I would really like the Minister to state whether the scheme is time-limited and what happens to any money from planning gain. I am also curious to hear him give some examples of where this might occur. I used the example of the docklands development in east London, where we had the enterprise zones. Could he give some indication of how large this could be, or how small? I have not got a feel for whether we are talking about small areas of several hectares in a key development costing some hundreds of millions of pounds, or quite large areas. I just do not understand what the Government want with this aspect of clause 13.
Lembit Öpik: I suspect, on that last point, that it would be established by precedent, but I would be interested to know what the Minister thinks. For the reasons already described, I ask him what would prevent the use of this power regularly to sidestep troublesome local authorities that are slowing up the policy implementation of national Government—or is that in fact the purpose of this Government amendment?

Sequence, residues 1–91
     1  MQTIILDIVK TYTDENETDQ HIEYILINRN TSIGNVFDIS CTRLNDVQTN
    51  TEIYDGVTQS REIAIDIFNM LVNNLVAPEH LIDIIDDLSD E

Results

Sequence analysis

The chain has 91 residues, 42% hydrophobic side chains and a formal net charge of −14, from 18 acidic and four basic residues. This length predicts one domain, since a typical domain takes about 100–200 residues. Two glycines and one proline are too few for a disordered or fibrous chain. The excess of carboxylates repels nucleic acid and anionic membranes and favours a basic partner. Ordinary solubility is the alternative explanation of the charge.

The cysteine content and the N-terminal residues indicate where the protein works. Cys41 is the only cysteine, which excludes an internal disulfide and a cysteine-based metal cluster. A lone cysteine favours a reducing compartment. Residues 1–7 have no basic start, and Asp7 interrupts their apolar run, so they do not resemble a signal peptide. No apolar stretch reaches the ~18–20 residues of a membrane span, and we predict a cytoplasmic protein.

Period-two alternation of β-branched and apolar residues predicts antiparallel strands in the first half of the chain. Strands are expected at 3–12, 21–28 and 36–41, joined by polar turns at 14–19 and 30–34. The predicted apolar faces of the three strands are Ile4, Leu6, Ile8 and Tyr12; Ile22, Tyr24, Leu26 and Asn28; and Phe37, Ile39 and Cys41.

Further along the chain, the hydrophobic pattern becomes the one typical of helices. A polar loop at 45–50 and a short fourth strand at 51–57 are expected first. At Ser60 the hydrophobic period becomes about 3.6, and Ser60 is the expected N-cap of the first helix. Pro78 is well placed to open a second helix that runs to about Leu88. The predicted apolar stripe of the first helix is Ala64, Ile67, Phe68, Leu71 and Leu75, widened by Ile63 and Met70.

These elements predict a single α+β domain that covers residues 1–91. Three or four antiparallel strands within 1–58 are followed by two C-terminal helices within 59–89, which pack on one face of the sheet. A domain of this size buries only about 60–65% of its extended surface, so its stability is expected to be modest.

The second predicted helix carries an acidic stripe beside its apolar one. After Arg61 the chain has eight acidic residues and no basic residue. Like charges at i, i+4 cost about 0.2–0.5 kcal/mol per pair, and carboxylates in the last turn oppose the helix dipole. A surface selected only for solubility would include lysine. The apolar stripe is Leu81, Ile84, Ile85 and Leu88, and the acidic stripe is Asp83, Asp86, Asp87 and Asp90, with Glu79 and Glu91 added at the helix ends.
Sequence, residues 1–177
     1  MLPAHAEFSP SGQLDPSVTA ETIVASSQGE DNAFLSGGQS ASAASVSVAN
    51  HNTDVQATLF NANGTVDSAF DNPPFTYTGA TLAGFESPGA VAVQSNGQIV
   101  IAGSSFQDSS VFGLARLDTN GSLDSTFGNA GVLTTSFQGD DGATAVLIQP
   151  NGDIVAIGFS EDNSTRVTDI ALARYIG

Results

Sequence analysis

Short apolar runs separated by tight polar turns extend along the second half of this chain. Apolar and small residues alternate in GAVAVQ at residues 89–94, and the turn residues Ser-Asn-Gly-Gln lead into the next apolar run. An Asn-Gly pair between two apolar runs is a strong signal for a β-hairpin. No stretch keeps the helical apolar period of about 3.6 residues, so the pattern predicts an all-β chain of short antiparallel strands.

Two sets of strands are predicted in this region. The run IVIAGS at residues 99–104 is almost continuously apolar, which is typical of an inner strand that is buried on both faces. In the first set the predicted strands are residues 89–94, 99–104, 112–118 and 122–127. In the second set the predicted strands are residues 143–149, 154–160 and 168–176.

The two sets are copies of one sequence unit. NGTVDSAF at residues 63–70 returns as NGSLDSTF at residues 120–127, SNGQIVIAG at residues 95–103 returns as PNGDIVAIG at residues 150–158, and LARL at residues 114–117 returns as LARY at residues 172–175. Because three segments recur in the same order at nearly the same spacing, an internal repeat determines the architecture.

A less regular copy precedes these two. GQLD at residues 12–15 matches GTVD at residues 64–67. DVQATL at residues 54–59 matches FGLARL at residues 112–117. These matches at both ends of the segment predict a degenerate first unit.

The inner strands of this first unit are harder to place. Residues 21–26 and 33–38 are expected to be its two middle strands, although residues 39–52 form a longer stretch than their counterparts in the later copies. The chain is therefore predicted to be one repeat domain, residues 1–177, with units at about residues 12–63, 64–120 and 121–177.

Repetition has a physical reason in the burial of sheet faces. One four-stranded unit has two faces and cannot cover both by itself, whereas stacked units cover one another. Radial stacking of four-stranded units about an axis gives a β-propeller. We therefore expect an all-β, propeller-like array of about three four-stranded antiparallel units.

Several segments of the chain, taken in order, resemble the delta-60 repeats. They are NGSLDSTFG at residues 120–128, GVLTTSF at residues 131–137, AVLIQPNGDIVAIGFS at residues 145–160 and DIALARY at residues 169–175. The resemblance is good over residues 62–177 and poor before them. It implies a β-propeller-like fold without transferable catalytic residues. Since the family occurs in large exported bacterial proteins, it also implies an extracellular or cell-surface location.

Mr. Wright: I seek your ruling, Mr. Gale, since some of the questions seem to stray towards a clause stand part debate. I would like your guidance on whether that is acceptable.
The Chairman: I am perfectly happy. It makes eminent sense to me.
Mr. Wright: Thank you, Mr Gale. I have been interested in some of the comments, and I do think this is one of the main dividing lines between us and the Opposition. I was very intrigued by what the hon. Member for Welwyn Hatfield said about railroading and riding roughshod over local authorities. I have made it clear time and again that that is simply not our approach. We want to make sure that local authorities are stepping up to the plate. That is the whole purpose of the Homes and Communities Agency. We are absolutely committed to working with and supporting local authorities.